What is domestic and family violence?

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Complexities and legal nuances of domestic and family violence to help understand rights and protections available.
Australia Family and Matrimonial
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Key Takeaways:

  • Domestic and family violence includes physical, emotional, psychological, financial, and sexual abuse by a partner or family member.
  • Awareness of the signs of domestic violence, such as physical injuries, behavioural changes, and psychological abuse, is crucial to ensure you can support an affected person.
  • If you are experiencing such issues, reaching out to a domestic violence lawyer can offer both protection and peace of mind.

If you are in immediate danger, please call emergency services on 000.

Domestic and family violence involves behaviours by a partner or family member aimed at controlling or dominating another through fear.

These behaviours can be physical, emotional, psychological, financial, and/or sexual in nature.

In Australia, this issue is recognised legally under various acts like the Family Law Act 1975 and the Family Violence Protection Act, reflecting its seriousness.

In this article, our experienced divorce lawyers Sydney will discuss the complexities and legal nuances of domestic and family violence to help those affected understand their rights and the protections available to them.

How common is domestic violence in Australia?

In Australia, domestic and family violence is alarmingly prevalent.

According to the Australian Institute of Health and Welfare (AIHW), one in six women and one in sixteen men have experienced physical or sexual violence from a current or former partner since the age of 15.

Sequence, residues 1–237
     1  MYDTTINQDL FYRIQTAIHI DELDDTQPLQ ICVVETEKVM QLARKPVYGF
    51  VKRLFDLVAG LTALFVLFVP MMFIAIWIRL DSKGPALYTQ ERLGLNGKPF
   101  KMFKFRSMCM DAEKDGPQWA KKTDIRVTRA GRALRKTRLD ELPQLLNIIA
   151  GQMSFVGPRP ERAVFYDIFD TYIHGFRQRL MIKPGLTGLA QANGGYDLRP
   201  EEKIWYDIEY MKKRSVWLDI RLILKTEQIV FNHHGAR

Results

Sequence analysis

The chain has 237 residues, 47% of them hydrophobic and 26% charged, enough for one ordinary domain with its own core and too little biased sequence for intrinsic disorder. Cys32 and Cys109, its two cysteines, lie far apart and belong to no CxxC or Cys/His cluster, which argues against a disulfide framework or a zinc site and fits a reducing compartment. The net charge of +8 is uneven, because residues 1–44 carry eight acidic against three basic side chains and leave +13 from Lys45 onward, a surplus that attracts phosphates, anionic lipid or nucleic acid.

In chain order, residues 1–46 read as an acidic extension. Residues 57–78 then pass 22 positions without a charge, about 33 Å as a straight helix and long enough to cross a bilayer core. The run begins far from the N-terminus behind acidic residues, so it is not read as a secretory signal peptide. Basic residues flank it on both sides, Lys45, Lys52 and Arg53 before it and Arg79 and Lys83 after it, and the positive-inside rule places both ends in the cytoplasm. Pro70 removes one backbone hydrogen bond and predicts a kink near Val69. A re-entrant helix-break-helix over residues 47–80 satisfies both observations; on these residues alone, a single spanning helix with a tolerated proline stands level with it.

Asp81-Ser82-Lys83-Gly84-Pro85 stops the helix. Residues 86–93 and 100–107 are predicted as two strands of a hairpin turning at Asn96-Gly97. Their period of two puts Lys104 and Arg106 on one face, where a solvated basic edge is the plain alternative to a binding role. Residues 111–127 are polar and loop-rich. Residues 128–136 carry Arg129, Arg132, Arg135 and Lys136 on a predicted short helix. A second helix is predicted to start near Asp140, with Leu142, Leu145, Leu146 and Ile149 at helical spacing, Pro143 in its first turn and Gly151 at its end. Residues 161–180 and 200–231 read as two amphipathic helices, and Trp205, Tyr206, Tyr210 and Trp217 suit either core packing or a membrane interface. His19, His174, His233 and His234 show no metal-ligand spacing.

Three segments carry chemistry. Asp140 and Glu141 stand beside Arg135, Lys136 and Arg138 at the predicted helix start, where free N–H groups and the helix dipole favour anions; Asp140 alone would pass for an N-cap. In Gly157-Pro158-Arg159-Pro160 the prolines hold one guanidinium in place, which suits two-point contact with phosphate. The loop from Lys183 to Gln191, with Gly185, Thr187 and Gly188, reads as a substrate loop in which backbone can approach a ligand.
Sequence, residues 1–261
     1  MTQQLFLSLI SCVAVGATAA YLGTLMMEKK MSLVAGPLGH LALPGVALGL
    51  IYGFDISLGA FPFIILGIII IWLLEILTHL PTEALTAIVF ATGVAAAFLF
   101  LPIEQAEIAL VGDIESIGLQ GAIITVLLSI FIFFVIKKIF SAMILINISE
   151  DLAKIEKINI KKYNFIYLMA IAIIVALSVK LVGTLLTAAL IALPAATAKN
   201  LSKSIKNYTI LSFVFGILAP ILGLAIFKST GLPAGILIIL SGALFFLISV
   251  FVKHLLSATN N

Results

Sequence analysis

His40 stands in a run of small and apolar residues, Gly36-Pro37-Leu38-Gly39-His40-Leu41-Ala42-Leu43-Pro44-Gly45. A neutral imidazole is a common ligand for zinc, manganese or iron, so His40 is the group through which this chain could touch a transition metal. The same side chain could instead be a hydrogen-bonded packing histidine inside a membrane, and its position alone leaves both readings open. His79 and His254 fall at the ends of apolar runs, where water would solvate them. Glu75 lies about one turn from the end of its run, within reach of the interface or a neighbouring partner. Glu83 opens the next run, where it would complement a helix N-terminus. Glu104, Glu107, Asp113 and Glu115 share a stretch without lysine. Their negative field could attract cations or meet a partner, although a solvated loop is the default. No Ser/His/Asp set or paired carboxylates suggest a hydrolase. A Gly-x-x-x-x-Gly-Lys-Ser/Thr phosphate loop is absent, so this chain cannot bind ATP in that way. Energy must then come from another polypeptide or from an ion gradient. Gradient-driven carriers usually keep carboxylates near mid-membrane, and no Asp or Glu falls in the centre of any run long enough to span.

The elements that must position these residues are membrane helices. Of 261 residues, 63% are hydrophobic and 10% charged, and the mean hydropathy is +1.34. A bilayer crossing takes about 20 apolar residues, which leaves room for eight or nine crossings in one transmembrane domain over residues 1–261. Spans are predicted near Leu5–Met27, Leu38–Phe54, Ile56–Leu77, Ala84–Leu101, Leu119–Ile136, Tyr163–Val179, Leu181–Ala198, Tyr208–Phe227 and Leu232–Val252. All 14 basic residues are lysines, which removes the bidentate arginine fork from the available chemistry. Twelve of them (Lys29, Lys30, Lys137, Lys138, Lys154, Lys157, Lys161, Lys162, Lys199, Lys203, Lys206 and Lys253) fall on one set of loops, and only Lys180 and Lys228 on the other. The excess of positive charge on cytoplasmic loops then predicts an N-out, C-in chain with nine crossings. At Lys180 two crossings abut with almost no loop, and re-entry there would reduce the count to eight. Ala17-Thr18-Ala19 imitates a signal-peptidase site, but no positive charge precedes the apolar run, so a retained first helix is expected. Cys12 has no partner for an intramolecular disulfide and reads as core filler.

This issue transcends socioeconomic, geographic, and demographic boundaries, impacting individuals Australia-wide, from urban areas to rural regions across the country.

The severity and frequency of incidents, as documented by various studies, indicate a deep-rooted societal problem that demands comprehensive legal and social interventions.

Risk factors of domestic violence

Domestic violence is a multifaceted issue influenced by various factors that intersect at personal, relational, and societal levels.

Understanding these risk factors is essential for prevention and intervention strategies.

While no single factor can predict domestic violence, the presence of certain conditions can increase the likelihood of its occurrence. Here are some key factors that could indicate the likelihood or presence of domestic and family violence issues:

  • Personal history of experiencing family violence: Individuals who have experienced violence in their past, either as a victim or witness, are more likely to be involved in domestic violence situations.
  • Substance abuse: Alcohol and drug abuse can exacerbate tendencies towards violence and reduce self-control, making domestic incidents more likely.